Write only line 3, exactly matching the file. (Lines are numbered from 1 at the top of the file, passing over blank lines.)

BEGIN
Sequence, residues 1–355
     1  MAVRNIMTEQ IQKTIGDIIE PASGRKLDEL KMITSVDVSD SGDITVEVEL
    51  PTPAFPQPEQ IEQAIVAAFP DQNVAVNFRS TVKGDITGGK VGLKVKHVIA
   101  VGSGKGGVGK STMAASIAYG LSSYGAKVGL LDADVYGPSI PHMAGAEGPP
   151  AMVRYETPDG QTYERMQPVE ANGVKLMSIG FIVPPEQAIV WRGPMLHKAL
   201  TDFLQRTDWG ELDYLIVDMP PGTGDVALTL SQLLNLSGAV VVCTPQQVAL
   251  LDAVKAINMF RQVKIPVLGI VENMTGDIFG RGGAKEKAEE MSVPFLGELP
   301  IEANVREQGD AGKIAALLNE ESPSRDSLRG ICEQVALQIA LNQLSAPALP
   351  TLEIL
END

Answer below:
    51  PTPAFPQPEQ IEQAIVAAFP DQNVAVNFRS TVKGDITGGK VGLKVKHVIA